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South Africa’s red meat and wool exports are on path to recovery


South Africa’s red meat and wool exports are on path to recovery

The past two years presented major challenges for the SA livestock industry, especially the spread of foot-and-mouth disease and higher feed costs.

As farmers, feedlots and government worked to control the spread of foot-and-mouth, the effect on the revenues of farming businesses was deepening as they had to limit the movement of animals. Some export markets were temporarily closed.

In the case of the beef industry, in 2022 exports fell below the prior five-year average, totalling 26,881 tonnes, down 16% year on year, according to data from Trade Map. They recovered by 3% in 2023 to 27,675 tonnes.

Even as the beef industry confronted these challenges it had already resolved that widening the export market was the best way to catalyse long-term growth. Indeed, between 2017 and 2021 SA’s overall beef exports averaged 31,169 tonnes, notable progress compared with the average of 26,670 tonnes for the prior five years. In the five years before that, average exports were less than 15,000 tonnes. The spread of animal diseases threatened this export growth.

Between 2017 and 2021, exports comprised 49% fresh beef and 51% frozen beef, on average. The export markets were also diverse. For fresh beef, Kuwait, Jordan, the United Arab Emirates (UAE), Mozambique, Lesotho, Qatar, Zimbabwe, Mauritius and the Netherlands were the largest and most consistent markets.

Similar markets and new ones were at the top of the list for frozen beef. These included Lesotho, Mozambique, China, the UAE, Jordan, Egypt, the Netherlands, Qatar, Hong Kong and Kuwait.

Fortunately, while some regional markets were temporarily closed to SA red meat products, some remained open. Exports therefore did not collapse in 2022 and 2023, when animal disease was a major challenge.

This challenge was not limited to the cattle industry. Although the wool industry was not directly affected by foot-and-mouth, some export markets closed temporarily due to related concerns. China, which accounts for more than two-thirds of SA’s wool exports, temporarily closed for various periods in 2022 and 2023.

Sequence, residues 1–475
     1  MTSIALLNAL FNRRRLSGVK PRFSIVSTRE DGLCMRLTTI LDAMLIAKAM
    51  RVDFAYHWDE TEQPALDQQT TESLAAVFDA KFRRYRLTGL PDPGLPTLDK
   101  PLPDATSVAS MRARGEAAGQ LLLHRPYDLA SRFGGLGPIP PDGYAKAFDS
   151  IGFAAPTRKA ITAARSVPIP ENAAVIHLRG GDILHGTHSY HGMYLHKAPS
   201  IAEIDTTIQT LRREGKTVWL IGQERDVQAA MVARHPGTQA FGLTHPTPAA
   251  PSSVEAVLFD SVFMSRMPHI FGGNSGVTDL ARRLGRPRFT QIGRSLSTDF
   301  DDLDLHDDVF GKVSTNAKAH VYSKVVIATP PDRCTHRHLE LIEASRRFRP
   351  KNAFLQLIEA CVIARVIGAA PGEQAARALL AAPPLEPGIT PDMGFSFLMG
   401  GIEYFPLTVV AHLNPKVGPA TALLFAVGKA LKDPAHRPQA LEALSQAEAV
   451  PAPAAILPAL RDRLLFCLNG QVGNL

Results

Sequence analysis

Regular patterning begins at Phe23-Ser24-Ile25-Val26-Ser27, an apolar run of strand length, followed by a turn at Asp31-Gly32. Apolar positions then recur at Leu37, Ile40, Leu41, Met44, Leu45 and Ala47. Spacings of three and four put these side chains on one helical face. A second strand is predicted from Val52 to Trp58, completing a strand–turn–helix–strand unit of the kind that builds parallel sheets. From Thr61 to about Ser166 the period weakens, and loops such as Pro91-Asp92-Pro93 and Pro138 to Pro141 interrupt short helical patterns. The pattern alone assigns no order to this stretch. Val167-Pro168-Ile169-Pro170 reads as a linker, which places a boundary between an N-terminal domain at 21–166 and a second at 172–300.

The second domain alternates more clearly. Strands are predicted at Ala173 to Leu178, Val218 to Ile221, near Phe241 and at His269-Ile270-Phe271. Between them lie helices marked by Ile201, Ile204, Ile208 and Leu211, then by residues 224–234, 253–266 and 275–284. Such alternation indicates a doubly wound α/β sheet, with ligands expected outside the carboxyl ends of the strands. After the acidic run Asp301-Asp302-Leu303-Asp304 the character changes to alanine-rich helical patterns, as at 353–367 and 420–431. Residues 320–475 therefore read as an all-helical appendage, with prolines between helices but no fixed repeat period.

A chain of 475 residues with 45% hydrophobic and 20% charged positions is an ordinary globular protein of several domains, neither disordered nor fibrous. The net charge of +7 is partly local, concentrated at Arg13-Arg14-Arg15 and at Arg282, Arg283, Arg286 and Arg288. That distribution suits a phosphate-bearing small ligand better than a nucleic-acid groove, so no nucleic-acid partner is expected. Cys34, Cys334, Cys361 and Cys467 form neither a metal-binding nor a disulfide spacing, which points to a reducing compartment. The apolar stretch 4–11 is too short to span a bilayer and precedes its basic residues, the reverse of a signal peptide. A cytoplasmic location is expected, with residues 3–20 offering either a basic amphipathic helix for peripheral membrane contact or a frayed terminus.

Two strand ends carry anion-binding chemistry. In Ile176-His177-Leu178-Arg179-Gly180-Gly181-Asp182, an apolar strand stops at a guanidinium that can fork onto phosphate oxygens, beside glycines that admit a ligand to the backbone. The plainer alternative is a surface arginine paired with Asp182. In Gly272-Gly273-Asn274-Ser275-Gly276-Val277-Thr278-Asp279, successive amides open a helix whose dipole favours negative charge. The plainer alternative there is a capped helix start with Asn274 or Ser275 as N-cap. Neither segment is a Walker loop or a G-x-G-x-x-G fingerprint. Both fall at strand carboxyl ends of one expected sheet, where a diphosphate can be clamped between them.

The effect of those temporary closures is visible in wool export volumes. In 2022, SA’s wool exports fell 19% year on year to 42,239 tonnes. The major decline in volume was in the Chinese market.

Safety measures

Fortunately, engagements between the SA and Chinese authorities to reassure them of the safety measures in place to ensure there would be no spread of disease led to the resumption of exports. SA’s wool exports in 2023 recovered 18% year on year to 49,715 tonnes.

The higher feed costs were a factor outside the control of farmers and regulators. This was not unique to SA but a global phenomenon. The rise in Chinese demand for grains, coupled with drought in South America, higher shipping costs and the Russia-Ukraine war were major drivers of grain prices over the past two years. SA is interlinked with the global market, so the rise in international grain prices was felt here too.

There is also a transformation and inclusivity agenda in the performance of the wool and beef industries. These industries are among the agricultural subsectors with a large share of new-entrant black farmers. Therefore, the financial strain of the past few years might have disrupted progress stakeholders were making in the transformation drive in these industries. National Agricultural Marketing Council data shows that black farmers account for roughly 18%, 13% and 34% of wool, mohair and cattle production, respectively.

Livestock is a key part of the SA agricultural economy, accounting for nearly half of the gross value added when combined with the poultry and piggery industries. The past two years were certainly challenging for the SA livestock industry. Fortunately, the path forward is looking more promising and exports are recovering.

Author Whandile Sihlobo
Published 23 Apr 2024 / Views -
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